Trypanosoma cruzi is the agent that causes American trypanosomiasis. American trypanosomiasis is transmitted by a number of species of a reduviid bug (Triatoma infestansRhodnius prolixus) that live in wall cracks of houses in rural areas of North, Central, and South America. The reduviid bug is infected by sucking blood from animals (e.g., opossums, dogs, and cats) or humans infected with circulating trypomastigotes (Table 93–5).

TABLE 93-5 Clinical Presentation of South American Trypanosomiasis

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In chronic trypanosomiasis, patients present with cardiomyopathy and heart failure. Electrocardiograms are usually abnormal, demonstrating extrasystoles, first-degree heart block, right bundle-branch block, and other serious conduction disturbances.7779 Degeneration of the autonomic ganglia in the smooth muscle of the esophagus and colon leads to uncoordinated peristalsis. The end result has been reported to be “megasyndromes” of affected organs.78,79 Penetration of the CNS results in meningoencephalitis, strokes, seizures, and focal paralysis.7880

A history to verify the possible exposure to T. cruzi should be an important initial diagnostic workup. Recovery of T. cruzi is definitive, but this is not always possible, especially in chronic disease. Positive serologic tests using the indirect immunofluorescent antibody test and ELISA (Chagas’ EIA, Abbott Laboratories, Abbott Park, IL) may be diagnostic for the disease. The only serologic test available in the United States is Chagas’ Kit (Hemagen Diagnostics, Inc., Columbia, MD).78 A PCR test has also been used for diagnosis of T. cruzi76,81 Specimens may be sent to the CDC for testing. All candidates from an endemic area for Chagas disease who are candidates for transplantation should be tested for T. cruzi.82

TREATMENT

Desired Outcome

The primary goal of drug therapy in trypanosomiasis is to reduce the duration and severity of the illness and to decrease mortality.

Pharmacologic Therapy

Images The drugs that have been used to treat T. cruzi infections include nifurtimox (Lampit, Bayer 2502) and benznidazole (Rochagan).16,78,79,83 Both oral nifurtimox and benznidazole are available from the CDC. Oral benznidazole is the drug of choice for T. cruzi in South America.16 Neither of the agents are optimal therapy and there is ongoing search for newer agents.76,78 The adult oral dose of nifurtimox is 8 to 10 mg/kg/day in divided doses for 30 to 120 days. The pediatric dose (1 to 10 years of age) is 15 to 20 mg/kg/day in four divided doses and children (11 to 16 years) should receive 12.5 to 15 mg/kg/day in four divided doses for 30 to 120 days.16 Symptomatic treatment for heart failure includes digitalis and diuretics; the GI complications, however, may require surgical revisions and reconstruction.78,79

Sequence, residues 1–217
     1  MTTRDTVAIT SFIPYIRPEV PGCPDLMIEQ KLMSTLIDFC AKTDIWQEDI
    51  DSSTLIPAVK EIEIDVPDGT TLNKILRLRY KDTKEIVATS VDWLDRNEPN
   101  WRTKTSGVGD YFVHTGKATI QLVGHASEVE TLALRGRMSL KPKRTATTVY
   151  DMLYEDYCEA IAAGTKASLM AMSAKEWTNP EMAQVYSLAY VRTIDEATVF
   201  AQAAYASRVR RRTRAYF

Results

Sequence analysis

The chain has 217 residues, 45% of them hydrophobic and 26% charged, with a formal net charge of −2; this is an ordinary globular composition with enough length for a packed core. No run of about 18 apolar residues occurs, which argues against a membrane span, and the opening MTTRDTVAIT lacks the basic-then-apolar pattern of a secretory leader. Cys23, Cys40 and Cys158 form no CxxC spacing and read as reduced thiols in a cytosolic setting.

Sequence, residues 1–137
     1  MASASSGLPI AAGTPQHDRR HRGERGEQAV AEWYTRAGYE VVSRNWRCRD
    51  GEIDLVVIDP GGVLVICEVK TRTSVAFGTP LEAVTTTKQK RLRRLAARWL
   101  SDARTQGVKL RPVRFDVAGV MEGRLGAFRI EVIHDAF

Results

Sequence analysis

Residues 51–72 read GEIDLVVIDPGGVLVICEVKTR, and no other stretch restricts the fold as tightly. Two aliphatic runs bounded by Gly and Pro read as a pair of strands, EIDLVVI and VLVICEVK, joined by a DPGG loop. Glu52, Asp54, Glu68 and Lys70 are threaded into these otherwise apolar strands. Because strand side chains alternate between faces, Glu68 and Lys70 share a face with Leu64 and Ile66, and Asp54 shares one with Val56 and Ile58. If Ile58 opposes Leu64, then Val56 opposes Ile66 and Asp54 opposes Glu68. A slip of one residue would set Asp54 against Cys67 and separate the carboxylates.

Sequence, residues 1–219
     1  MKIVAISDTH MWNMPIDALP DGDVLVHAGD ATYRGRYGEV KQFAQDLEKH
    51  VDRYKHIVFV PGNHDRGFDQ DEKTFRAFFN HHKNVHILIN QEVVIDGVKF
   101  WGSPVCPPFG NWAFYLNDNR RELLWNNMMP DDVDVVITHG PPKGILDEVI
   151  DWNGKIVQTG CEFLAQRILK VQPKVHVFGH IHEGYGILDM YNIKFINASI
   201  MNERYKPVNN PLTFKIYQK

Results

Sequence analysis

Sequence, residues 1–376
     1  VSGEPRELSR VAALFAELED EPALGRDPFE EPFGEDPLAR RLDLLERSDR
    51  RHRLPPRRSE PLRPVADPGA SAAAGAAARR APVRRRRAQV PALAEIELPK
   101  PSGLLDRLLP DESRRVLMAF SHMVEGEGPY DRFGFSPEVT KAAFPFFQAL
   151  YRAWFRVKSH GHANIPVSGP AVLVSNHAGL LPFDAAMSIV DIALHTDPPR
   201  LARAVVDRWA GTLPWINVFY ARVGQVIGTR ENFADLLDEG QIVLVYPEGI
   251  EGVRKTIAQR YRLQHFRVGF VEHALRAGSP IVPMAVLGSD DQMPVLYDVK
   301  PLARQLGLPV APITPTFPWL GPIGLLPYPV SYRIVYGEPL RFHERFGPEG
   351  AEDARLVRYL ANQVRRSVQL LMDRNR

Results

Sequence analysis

Evaluation of Therapeutic Outcomes

American trypanosomiasis (Chagas disease), which is endemic in all Latin American countries, can be transmitted congenitally, by blood transfusion, and by organ transplantation.78,79 Treatment with nifurtimox of the acute phase (i.e., fever, malaise, edema of face, generalized lymphadenopathy, and hepatosplenomegaly) produces between 30% and 70% cure rates.78 Treatment of chronic infection with nifurtimox is not recommended. It is essential to identify T. cruzi-infected patients by serology and to monitor the cardiovascular status of these patients by electrocardiogram periodically. The congestive failure of cardiomyopathic Chagas disease is treated the same way as cardiomyopathies from other causes.76,78